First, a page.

"An excellent overview of the causes and prevention of head injury. It makes a good case for the fact that public policy on prevention is woefully inadequate."—Brent Masel, M.D., President and CEO, Transitional Learning Community at Galveston

"Traumatic brain injury is something that can happen to any of us, and something that happens to many of us. Remarkably little is known or understood by the public, and even many professionals, about such injuries. Winslade has done a splendid job in bringing those issues to the surface, laying out the general terrain, and providing many valuable and interesting insights into the problem. A useful and valuable book."—Daniel Callahan, Director of International Programs, The Hastings Center

"An unusual and provoking look at the perplexing problem of brain injury. From case stories on a personal level, to science on another level, every aspect of brain injury is explored. A must-read for policy makers, for those involved in brain injury—families, professionals and persons with a brain injury."—George A Zitnay, President and CEO, Brain Injury Association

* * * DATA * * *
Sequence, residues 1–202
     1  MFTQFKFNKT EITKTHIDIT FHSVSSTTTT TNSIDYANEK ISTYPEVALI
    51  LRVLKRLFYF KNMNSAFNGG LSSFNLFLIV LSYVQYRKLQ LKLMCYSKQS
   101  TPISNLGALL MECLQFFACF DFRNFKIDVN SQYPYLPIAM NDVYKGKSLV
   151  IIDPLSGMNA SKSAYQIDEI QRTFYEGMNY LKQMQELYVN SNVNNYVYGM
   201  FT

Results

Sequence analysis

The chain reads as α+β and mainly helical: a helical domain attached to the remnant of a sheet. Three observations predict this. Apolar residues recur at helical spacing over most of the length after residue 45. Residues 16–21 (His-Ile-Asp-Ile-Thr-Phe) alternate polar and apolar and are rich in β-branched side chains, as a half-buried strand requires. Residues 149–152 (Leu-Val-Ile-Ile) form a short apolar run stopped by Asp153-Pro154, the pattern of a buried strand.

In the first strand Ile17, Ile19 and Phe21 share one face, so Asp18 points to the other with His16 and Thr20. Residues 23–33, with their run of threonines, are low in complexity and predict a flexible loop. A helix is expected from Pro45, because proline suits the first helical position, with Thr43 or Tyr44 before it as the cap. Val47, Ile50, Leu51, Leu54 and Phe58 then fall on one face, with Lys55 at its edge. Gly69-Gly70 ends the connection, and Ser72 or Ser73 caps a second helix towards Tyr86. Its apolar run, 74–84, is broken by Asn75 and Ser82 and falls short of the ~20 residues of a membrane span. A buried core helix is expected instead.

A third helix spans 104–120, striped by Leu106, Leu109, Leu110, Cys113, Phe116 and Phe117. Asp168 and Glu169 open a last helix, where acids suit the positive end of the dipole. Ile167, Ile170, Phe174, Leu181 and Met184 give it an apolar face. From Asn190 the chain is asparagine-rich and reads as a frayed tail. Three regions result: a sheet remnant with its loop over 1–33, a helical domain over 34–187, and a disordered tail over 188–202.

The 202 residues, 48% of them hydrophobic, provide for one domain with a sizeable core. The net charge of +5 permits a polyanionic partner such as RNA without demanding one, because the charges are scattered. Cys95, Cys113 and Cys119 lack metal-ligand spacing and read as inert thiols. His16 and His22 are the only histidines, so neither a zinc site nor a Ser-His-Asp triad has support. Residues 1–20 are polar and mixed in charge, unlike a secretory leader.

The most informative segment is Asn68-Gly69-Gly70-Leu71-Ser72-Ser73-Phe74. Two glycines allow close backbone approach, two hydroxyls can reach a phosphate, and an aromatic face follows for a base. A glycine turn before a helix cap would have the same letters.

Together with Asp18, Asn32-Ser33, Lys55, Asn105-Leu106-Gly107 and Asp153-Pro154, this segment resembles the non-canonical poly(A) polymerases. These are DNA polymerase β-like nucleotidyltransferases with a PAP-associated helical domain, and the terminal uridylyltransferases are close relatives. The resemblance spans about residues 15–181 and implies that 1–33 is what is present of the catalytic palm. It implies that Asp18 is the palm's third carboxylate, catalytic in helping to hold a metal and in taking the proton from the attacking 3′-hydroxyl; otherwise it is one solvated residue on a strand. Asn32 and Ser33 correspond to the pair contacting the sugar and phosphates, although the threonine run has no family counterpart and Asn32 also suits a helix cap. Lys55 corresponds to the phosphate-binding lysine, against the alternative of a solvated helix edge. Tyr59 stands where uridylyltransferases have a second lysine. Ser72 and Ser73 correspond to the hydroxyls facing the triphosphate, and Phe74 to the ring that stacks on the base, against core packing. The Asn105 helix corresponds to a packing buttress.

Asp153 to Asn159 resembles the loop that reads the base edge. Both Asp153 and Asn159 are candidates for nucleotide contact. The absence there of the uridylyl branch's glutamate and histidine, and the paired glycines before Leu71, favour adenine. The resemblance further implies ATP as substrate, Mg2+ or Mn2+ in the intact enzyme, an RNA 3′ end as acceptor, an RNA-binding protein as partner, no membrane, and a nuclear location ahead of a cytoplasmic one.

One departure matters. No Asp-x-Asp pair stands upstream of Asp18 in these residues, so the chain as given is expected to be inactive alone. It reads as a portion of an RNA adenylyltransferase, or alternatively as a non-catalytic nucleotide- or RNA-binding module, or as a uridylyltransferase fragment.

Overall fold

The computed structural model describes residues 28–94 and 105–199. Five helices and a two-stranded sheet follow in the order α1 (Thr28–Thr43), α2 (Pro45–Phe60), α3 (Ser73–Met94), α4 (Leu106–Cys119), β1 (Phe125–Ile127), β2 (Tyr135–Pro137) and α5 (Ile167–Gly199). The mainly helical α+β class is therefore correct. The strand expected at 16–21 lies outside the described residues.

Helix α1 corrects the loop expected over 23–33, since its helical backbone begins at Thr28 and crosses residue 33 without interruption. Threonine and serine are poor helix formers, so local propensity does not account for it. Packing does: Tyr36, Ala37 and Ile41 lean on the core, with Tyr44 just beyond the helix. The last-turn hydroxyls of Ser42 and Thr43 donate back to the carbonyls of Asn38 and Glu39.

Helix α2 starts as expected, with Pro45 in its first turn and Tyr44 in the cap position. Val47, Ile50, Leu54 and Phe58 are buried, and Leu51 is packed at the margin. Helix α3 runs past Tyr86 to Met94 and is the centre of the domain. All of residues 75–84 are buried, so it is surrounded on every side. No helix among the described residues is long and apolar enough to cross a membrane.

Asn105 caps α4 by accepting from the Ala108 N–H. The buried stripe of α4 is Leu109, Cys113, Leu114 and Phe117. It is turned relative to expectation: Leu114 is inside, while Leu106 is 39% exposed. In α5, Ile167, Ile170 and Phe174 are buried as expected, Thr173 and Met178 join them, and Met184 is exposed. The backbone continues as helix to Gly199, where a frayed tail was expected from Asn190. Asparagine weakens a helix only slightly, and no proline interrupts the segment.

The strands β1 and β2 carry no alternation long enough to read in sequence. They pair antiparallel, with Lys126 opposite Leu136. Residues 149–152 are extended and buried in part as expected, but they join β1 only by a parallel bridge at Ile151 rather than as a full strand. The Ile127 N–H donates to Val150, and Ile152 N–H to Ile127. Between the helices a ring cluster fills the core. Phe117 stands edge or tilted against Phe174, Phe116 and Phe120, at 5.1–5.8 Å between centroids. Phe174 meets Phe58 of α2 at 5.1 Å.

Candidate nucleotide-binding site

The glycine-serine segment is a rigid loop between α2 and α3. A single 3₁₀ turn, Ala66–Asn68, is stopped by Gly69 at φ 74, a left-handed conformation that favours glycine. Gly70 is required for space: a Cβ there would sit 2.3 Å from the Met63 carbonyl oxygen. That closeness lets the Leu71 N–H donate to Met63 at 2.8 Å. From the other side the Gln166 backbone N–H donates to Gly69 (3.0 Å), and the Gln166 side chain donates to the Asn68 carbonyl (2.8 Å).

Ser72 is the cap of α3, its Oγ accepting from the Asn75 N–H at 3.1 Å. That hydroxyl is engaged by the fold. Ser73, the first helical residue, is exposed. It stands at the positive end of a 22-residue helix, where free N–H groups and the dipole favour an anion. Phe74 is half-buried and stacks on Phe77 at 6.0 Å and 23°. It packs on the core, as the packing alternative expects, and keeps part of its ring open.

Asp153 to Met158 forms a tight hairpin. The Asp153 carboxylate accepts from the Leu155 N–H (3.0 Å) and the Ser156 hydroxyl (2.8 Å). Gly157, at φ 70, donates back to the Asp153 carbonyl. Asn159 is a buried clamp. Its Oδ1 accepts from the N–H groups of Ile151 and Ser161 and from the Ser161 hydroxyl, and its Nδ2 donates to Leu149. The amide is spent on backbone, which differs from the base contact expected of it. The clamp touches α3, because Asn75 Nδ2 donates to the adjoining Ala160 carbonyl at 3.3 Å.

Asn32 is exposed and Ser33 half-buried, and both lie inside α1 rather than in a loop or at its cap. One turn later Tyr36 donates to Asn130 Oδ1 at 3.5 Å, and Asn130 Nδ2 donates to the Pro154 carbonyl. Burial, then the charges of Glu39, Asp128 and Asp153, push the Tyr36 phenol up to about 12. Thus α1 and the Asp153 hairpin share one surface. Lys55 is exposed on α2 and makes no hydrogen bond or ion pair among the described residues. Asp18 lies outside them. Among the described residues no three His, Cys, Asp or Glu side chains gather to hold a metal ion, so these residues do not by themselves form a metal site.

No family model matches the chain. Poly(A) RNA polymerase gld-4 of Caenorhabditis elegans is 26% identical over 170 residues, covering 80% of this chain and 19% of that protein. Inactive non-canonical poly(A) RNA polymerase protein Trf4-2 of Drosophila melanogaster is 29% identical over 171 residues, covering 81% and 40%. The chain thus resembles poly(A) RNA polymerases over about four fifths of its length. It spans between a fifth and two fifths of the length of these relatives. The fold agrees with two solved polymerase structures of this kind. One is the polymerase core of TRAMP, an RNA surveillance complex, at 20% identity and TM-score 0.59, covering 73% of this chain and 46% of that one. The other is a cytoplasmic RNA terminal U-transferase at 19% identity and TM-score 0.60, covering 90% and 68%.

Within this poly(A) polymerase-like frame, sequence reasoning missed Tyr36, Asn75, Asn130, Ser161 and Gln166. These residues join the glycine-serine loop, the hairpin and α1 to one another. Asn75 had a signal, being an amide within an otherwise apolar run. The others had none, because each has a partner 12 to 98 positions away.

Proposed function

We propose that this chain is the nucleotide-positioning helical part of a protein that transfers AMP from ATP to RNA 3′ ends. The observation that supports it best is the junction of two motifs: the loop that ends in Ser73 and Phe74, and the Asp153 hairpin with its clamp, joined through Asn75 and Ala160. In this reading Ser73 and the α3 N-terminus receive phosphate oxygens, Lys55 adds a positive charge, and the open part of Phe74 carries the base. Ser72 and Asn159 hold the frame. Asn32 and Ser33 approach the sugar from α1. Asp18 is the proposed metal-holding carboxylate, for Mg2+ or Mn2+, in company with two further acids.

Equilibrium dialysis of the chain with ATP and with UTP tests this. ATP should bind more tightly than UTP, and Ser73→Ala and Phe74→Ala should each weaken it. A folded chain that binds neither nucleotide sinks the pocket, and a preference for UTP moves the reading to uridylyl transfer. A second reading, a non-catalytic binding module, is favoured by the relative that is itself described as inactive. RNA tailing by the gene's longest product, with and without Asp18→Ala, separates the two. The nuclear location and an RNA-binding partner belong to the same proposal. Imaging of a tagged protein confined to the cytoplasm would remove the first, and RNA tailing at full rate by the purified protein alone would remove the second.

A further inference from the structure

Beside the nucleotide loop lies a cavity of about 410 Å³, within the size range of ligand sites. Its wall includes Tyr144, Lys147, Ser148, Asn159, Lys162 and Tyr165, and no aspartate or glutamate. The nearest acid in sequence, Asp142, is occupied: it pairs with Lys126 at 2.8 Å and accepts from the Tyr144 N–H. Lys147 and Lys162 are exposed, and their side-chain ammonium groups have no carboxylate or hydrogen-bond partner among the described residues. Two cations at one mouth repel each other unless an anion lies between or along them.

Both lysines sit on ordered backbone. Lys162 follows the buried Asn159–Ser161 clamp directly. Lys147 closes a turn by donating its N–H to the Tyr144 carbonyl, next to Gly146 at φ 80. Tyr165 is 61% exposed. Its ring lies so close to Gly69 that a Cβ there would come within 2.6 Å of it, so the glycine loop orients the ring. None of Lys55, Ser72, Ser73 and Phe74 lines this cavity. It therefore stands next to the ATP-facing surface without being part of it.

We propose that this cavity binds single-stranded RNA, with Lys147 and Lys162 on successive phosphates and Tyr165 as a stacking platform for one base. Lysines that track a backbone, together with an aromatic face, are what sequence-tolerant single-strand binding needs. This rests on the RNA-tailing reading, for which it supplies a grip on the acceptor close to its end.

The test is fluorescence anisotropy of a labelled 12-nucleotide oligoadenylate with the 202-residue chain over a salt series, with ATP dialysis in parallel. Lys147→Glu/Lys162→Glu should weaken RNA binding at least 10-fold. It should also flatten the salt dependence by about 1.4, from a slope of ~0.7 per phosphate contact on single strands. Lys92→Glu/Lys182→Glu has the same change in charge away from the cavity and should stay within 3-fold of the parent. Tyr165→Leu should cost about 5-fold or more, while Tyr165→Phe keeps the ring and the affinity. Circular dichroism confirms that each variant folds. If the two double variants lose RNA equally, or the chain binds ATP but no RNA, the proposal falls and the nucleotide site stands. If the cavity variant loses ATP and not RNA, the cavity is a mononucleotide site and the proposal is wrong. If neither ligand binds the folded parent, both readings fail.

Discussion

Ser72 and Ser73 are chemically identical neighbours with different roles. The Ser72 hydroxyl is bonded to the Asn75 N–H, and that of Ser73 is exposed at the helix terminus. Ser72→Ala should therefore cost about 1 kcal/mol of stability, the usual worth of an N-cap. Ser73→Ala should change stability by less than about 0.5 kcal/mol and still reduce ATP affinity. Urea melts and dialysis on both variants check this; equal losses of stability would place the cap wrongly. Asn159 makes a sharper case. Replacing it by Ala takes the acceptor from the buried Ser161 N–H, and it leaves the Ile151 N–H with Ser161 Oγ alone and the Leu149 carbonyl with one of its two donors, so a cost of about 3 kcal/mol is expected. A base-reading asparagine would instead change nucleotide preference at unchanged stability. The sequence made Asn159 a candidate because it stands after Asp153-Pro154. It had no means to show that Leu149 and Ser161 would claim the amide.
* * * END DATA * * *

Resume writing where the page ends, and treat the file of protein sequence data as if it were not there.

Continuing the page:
"A must-read. . . . Brain injury should be a topic of concern for all Americans, and Dr. Winslade's book makes great strides in achieving this goal."—James S. Brady, from the Foreword

"This is a passionate book filled with the stories of a thoughtful narrator, the arguments of a strong advocate and the analyses of a scholar committed to notions of fairness and equity. Dr. Winslade takes the event of brain trauma nd exposes the need for prevention and the injustice of current policy."—Nancy Neveloff Dubler, LL.B., Director, Division of Bioethics, Montefiore Medical Center and Professor of Bioethics, Albert Einstein College of Medicine




 

"Winslade's insightful approach to this silent epidemic and his framing of disorders in their philosophical, economic and social context makes this a significant contribution to researchers, practitioners, families and policymakers."—Antonio E. Puente, American Scientist


"A book that may provoke considerable discussion."—Booklist

"By interweaving real-life accounts, research findings, and information on functional and structural neuroanatomy, the author vividly conveys the impact of TBI on the victim’s body and psyche, as well as on the family and society as a whole. Written in clear and accessible language, this volume will bridge the awareness gap that currently exists about TBI for both interested lay persons and professionals. In so doing, the author breaks the silence surrounding this epidemic."—Lisa Lewis, Bulletin of the Menninger Clinic


"William Winslade has spent most of his professional life trying to get people to use their brains. Now he wants to get the public to protect them…He is passionate on the subject." —Ruth SoRelle, Houston Chronicle